LOS ANGELES -- Ordinarily, a postseason team coming home with an 0-2 series record could take considerable solace in the homecoming.
Here they would be in familiar circumstances, in front of loyal fans, in the presence of friends and family, to play, in theory at least, three straight games in the many comforts of home.
All of these factors may be at play for the 2013 Los Angeles Dodgers. And yet, the elements that could make this a less than gloriously happy homecoming are certainly evident.
Tale of the Tape: Game 3
|2013 regular season|
|Overall: 30 GS, 14-8, 3.00 ERA, 49 BB, 154 K||Overall: 34 GS, 19-9, 2.94 ERA, 35 BB, 219 K|
|Key stat: Opponents hitting .067 with bases loaded||Key stat: Won 10 road games in regular season|
|At Dodger Stadium|
|2013: 15 GS, 7-4, 2.32 ERA
Career: 15 GS, 7-4, 2.32 ERA
|2013: Did not pitch
Career: 5 GS (6 G), 1-2, 5.16 ERA
|Against this opponent|
|2013: 1 GS, 1-0, 0.00 ERA
Career: 1 GS, 1-0, 0.00 ERA
|2013: 1 GS, 0-1, 3.86 ERA
Career: 10 GS (13 G), 4-4, 3.10 ERA
|Loves to face: Carlos Beltran, 0-for-3
Hates to face: Matt Holliday, 2-for-3
|Loves to face: Mark Ellis, 1-for-12, 2 K
Hates to face: Andre Ethier, 10-for-33, 3 HR
|Why he'll win: Had success against Cardinals in regular season||Why he'll win: Won his last three postseason starts|
|Pitcher beware: Showed nerves in postseason debut||Pitcher beware: Dodgers are dangerous at home|
|Bottom line: Forget about rough outing in NLDS||Bottom line: Set the tone early on the road|
The Dodgers lost the first two games of the 2013 National League Championship Series to the St. Louis Cardinals, despite using their two best pitchers, Zack Greinke and Clayton Kershaw.
Still, manager Don Mattingly chose to see this particular postseason glass as half-full, noting the two losses had been closely contested and the Dodgers' pitchers had worked well. Thus, the outlook for the rest of the series did not need to be all that gloomy.
"I mean, our guys can pitch," Mattingly said. "We look at what they've been able to do to us, but we've been pretty good, too. They're not exactly going out and throwing six or eight runs up on us.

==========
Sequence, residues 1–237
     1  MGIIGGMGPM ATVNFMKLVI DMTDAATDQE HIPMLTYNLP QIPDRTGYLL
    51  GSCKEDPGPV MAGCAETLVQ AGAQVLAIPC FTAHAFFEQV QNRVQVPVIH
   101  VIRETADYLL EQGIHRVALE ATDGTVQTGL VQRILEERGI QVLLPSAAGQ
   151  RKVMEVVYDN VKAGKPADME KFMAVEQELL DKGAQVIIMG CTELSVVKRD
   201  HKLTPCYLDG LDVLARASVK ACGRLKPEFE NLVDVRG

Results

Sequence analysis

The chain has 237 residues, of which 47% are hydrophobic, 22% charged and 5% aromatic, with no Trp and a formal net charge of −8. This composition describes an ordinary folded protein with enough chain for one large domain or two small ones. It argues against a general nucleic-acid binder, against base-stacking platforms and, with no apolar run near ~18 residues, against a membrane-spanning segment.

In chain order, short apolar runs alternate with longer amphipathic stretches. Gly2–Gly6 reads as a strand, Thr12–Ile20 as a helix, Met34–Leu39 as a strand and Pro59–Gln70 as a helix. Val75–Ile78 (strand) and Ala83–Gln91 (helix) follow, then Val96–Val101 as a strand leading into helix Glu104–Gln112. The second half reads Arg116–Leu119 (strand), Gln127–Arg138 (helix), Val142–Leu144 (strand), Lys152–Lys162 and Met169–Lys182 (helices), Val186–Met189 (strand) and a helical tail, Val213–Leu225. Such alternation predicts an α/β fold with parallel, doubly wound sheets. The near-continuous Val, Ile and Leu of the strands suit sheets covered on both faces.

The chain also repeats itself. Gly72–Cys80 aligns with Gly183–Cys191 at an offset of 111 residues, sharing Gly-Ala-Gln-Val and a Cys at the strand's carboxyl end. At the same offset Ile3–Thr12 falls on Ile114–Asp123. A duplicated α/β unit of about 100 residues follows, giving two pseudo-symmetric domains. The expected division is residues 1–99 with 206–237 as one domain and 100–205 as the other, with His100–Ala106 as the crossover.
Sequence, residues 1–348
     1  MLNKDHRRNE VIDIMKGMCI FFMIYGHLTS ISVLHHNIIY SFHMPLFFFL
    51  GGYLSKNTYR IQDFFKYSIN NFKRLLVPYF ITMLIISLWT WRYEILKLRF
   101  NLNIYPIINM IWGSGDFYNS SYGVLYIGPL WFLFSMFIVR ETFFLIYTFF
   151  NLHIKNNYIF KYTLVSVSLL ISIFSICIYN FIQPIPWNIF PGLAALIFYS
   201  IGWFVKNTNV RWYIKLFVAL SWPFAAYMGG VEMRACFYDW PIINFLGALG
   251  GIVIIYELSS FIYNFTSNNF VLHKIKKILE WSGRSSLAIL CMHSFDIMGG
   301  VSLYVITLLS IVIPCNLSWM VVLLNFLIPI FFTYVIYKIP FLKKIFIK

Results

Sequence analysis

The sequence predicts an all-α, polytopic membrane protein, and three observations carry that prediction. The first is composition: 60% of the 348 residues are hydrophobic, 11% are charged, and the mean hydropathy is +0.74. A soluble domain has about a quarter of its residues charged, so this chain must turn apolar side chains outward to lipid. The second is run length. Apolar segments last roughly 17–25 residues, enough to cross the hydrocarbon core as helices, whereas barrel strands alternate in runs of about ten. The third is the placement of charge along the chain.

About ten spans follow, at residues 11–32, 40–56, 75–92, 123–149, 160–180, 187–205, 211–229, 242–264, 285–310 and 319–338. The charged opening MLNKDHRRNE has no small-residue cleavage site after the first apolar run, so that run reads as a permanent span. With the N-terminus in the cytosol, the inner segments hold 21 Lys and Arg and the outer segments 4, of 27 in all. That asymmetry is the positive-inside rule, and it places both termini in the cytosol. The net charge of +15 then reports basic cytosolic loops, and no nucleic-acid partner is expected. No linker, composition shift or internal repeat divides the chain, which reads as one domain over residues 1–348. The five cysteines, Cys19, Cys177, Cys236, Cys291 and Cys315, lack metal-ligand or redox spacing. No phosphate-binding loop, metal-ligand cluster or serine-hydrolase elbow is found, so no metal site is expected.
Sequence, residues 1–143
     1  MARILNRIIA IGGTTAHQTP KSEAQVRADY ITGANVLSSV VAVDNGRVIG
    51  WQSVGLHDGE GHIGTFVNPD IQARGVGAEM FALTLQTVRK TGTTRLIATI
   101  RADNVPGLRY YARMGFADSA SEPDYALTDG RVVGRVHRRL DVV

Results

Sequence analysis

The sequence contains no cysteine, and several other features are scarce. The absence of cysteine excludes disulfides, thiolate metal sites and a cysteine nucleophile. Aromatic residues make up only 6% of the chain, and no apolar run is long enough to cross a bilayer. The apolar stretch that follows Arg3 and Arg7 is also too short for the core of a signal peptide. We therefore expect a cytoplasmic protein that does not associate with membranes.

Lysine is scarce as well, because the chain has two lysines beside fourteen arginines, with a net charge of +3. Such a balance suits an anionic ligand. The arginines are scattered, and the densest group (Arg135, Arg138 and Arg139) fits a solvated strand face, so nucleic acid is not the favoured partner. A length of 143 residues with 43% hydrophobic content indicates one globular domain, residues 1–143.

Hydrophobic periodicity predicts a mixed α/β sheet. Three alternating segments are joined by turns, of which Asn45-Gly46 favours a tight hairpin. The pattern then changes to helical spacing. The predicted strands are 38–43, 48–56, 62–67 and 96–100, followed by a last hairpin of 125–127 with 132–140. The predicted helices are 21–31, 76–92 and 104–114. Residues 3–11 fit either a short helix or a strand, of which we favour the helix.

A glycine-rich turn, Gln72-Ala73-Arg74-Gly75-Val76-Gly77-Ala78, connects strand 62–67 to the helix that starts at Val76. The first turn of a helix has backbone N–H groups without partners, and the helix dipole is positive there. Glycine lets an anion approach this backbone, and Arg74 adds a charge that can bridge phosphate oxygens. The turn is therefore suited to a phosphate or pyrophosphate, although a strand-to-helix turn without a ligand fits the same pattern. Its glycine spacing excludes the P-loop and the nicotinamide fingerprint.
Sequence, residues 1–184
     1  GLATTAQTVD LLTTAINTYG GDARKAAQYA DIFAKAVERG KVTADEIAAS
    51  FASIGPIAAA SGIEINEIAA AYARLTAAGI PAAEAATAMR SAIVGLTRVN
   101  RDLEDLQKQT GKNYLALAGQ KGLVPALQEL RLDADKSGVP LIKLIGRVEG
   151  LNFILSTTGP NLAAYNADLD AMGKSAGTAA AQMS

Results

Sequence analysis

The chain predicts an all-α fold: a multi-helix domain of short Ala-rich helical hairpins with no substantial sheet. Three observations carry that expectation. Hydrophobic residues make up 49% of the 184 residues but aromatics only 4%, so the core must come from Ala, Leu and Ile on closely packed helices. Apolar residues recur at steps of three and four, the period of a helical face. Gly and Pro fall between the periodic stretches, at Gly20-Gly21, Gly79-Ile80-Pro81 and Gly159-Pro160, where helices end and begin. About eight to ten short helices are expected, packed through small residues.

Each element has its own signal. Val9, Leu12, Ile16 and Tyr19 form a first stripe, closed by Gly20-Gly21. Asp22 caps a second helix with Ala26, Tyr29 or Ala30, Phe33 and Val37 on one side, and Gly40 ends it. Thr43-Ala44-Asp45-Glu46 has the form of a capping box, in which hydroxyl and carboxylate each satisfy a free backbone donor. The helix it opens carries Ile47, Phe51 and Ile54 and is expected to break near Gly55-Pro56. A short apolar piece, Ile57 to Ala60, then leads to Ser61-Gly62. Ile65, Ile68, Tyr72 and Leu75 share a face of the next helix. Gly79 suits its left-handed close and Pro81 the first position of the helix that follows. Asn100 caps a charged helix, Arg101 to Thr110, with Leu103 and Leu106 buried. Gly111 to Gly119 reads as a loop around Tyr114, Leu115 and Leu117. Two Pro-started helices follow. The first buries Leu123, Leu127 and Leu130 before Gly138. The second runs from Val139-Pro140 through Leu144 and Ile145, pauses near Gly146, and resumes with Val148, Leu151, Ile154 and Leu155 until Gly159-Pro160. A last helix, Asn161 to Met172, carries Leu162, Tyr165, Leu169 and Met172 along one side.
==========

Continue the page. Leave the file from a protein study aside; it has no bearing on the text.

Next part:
"It's a matter of us ... getting the outs when you need them and being able to get that key hit. This series, up to this point, we haven't gotten the key hit. We weren't able to put the run up when we needed it. If we get two key hits over the last two days, we win two. We're walking out of here up 2-0. It didn't happen, so we're walking out of here down two."
It is conceivable the Dodgers could start getting those key hits, take charge of the series, win three straight at home and then head back to Busch Stadium in the driver's seat.
But the St. Louis starter in Game 3 will be Adam Wainwright, the most proven postseason pitcher the Cardinals have, the leader of the Redbirds staff, and a man who went 2-0 with a 1.13 ERA in the Division Series against Pittsburgh.
Wainwright will be opposed by lefty Hyun-Jin Ryu, who had a fine regular season, but lasted only three innings, giving up four runs, in a Division Series start against Atlanta.
Wainwright will be the last person in the world to take the Dodgers lightly. In the process of not taking them lightly, he does inject some hope into the equation for the Dodgers.
"We're up two-nothing," Wainwright said. "But the thing that I know is that team over there is very dangerous and they're going to want it. And they're going to be hungry. They're going to want to go out there and give those L.A. fans a good show. So it's going to be very tough. There's no question about it. That team is very good from top to bottom, pitching and hitting. But so are we, and we're very confident so we can go over there and get the job done. And we have a lot of confidence in that happening. But we've got to do it one game at a time, I know that. We're not looking forward to the end of this series. We're going to look forward to Game 3."
Game 3 is scheduled for Monday at 8 p.m. ET on TBS. Making the Dodgers' situation potentially more difficult is the fact that center fielder Andre Ethier, hampered for a month by a microfracture in his lower left leg, is questionable for this game. It is also uncertain whether shortstop Hanley Ramirez will play. Ramirez was hit in the ribs by a pitch in Game 1 and missed Game 2.
If the first two games were any guide, one way or the other, Game 3 will also not be a festival of run production. There were only six runs scored in the first two games, four by the Cardinals, two by the Dodgers.
Ryu, speaking through an interpreter Sunday, said he understood the pressure that was on the Dodgers, but that he was fully ready to be at his best.
"There's always additional pressure when you come back home down 2-0," Ryu said. "I think all of us understand that. We are professionals. We're going to do the best we can to go out there and put our best game forward.
"Now it's a five-game series. We need to win four out of the five, and we'll do the best we can to do that.
"I feel fine. If anything, I actually feel pretty good. I feel really strong. I really don't think it's a matter of how long I've been pitching, but it's about the pitch count and the innings I've pitched.
"If you look at those numbers, I haven't pitched that many innings. So there is no reason my arm isn't in good, top shape right now."
Ryu will have to be at his best. And the Dodgers, someone, somehow, some way, will have to start delivering those key hits, or this series will be headed irretrievably in the Cardinals' direction. Perhaps this will all become more plausible for the Dodgers at home.
Mike Bauman is a national columnist for MLB.com. This story was not subject to the approval of Major League Baseball or its clubs.